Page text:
We’ve all had the infuriating experience of using apps that freeze or malfunction. For Facebook, keeping this experience to a minimum for its 1.5 billion daily users is a business imperative.
Facebook’s source control, which is the central repository that controls all of the ways in which developers makes changes to the software has roughly one million commands sent to it every single day. This translates into over 100,000 changes made to software each week. At this scale, errors are bound to slip through.
To minimise the chance of this as far as possible, the company scans software code continuously at many different stages, including pre-testing, internal testing and the software that actually reach end users. Techworld heard from Mark Harman, Facebook’s Engineering Manager, and part time professor of Software Engineering at University College London, about developing a tool focused at the very early stages of code generation.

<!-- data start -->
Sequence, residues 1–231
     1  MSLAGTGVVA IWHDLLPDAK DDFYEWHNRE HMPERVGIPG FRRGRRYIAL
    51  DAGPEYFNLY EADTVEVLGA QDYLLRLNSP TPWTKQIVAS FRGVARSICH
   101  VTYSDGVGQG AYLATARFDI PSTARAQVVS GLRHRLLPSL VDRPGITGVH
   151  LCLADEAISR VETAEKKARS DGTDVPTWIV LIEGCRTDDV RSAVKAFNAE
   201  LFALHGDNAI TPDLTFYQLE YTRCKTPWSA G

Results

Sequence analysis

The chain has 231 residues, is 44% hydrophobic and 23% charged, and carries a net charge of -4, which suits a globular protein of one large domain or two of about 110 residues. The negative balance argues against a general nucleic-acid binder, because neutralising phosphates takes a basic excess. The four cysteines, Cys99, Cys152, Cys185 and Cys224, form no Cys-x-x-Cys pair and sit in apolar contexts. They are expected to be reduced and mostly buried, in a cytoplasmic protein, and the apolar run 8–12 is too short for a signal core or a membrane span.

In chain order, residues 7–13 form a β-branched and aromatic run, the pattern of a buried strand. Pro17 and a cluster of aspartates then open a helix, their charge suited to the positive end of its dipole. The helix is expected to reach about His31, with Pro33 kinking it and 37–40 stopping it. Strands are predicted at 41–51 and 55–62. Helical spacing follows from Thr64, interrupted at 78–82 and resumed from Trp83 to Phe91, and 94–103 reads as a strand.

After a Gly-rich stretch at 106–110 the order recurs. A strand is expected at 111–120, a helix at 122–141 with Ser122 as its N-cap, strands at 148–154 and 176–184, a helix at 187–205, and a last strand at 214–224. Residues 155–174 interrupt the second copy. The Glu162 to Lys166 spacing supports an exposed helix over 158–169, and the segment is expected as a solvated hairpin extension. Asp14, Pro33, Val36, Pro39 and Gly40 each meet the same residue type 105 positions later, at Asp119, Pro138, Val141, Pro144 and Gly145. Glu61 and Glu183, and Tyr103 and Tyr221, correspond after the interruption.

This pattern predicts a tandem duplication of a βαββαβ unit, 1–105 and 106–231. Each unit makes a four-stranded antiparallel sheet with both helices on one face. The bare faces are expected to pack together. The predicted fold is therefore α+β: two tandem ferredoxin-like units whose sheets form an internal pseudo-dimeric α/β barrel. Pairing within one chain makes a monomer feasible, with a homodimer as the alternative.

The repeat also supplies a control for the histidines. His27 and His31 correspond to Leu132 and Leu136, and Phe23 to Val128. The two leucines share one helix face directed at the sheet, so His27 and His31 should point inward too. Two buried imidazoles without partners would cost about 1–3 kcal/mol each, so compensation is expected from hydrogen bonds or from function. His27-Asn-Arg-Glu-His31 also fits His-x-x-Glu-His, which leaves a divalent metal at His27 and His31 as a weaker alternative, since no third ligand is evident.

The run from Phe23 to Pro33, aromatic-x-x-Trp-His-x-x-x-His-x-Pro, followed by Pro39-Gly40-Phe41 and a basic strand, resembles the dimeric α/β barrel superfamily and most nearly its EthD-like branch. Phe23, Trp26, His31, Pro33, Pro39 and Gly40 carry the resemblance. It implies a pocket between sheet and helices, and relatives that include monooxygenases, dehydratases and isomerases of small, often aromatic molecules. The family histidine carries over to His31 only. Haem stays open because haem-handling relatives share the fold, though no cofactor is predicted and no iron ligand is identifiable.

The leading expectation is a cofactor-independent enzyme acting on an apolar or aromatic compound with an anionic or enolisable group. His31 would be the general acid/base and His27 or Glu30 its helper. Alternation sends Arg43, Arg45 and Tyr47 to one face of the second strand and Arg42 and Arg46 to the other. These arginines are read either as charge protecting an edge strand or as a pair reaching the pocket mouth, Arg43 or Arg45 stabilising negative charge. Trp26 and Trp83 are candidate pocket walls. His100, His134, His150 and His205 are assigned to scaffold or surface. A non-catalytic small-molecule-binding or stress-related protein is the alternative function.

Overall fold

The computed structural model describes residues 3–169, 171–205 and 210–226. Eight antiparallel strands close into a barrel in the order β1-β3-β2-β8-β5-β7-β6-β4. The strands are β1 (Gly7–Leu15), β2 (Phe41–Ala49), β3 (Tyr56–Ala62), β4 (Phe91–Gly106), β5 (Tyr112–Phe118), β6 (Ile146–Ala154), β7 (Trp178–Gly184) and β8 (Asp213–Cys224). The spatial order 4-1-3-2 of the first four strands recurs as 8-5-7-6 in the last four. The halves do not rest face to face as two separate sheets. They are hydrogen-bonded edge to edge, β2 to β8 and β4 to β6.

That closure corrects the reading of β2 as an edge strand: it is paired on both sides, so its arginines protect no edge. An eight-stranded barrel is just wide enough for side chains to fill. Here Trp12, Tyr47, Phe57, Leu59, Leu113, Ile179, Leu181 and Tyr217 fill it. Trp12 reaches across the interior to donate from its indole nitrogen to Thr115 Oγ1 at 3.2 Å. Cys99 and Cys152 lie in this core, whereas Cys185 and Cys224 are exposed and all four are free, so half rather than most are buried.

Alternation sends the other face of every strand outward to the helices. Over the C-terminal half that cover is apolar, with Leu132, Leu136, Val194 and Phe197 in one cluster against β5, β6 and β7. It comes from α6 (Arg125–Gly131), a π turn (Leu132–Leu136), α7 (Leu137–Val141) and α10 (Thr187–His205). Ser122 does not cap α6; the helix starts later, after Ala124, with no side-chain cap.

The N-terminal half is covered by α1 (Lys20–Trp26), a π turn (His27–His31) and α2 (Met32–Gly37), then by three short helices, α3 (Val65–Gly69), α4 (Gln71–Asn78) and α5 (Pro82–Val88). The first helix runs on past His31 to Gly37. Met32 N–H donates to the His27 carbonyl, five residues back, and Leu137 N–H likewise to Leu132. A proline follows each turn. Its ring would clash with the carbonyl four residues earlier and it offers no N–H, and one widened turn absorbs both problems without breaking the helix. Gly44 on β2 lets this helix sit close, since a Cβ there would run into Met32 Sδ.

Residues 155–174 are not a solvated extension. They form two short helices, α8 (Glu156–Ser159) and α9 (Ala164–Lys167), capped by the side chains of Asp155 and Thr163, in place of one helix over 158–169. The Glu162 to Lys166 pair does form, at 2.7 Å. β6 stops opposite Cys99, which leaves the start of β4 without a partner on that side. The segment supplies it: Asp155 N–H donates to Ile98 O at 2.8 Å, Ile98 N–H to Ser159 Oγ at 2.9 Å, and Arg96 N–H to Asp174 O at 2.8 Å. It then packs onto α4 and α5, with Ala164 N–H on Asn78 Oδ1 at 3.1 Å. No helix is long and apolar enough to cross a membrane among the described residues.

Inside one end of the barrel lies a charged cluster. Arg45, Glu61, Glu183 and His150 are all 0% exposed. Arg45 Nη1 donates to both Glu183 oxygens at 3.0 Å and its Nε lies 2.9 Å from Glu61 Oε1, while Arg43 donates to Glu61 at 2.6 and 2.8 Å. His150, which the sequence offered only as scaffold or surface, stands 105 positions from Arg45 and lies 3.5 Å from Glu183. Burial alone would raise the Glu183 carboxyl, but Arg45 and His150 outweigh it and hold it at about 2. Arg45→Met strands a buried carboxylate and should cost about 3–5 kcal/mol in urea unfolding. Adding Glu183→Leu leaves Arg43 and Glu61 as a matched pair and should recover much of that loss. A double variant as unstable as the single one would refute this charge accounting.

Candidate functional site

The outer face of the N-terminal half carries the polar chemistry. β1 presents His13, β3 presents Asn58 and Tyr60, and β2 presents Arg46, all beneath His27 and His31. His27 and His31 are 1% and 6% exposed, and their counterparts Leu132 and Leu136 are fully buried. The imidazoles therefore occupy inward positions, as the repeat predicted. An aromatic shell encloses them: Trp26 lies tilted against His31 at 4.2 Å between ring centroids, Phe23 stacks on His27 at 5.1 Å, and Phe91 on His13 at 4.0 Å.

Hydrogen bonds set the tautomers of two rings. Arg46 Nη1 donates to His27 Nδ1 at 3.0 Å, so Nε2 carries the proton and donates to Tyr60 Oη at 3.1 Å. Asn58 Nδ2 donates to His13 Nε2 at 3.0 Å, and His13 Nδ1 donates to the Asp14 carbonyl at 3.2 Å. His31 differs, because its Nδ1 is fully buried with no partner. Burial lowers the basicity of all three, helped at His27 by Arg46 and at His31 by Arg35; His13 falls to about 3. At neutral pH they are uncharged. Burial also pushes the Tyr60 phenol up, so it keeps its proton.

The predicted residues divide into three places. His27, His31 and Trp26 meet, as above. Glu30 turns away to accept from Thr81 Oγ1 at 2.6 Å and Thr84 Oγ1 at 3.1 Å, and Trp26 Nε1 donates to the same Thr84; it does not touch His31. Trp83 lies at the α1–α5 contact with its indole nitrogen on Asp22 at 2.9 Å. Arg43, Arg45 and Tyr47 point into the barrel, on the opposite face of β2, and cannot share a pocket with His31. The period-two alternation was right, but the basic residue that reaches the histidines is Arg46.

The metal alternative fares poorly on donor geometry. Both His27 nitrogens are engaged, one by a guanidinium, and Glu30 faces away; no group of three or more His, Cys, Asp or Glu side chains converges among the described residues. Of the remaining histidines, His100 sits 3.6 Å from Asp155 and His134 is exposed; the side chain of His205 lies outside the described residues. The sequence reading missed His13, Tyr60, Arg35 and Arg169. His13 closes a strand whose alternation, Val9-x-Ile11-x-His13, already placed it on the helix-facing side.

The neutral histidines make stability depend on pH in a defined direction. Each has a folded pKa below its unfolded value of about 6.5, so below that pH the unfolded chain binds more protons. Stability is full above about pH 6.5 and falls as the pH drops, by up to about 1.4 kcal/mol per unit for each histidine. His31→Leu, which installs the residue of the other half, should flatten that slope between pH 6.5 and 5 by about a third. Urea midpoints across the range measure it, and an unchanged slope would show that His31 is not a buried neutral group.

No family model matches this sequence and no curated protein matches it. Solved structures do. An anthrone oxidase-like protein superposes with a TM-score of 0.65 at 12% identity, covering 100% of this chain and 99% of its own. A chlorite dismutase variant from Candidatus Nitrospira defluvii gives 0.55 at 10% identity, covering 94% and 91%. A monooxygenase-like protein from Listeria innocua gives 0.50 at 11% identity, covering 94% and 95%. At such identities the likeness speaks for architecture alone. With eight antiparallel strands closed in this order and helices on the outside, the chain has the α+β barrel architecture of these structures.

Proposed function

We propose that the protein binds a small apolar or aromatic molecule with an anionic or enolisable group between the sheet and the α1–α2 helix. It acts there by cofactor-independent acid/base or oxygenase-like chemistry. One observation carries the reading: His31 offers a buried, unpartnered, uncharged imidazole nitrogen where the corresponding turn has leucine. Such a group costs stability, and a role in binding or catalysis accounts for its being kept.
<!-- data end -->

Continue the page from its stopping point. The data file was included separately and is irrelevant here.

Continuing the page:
Named Sapienz, this tool automatically scans code for certain classes of bugs and is increasingly beginning to intelligently suggest fixes too.
Bug fixes at this internal stage (there’s a whole other department which deals with spotting bugs that have made it into the end product) can take minutes up to hours to solve, with the worst potentially eating into weeks of a developer’s time.
The Sapienz tool relies on something called search based software engineering. This is the combination of search based optimisation and software engineering. “We mean search in the sense that we’re searching the search space of tests to find tests which are good at revealing faults,” says Harman. This is an area which has received ample interest and research in academic circles, says Harman, and which is currently gaining more traction in the industry.
}); Source : techworld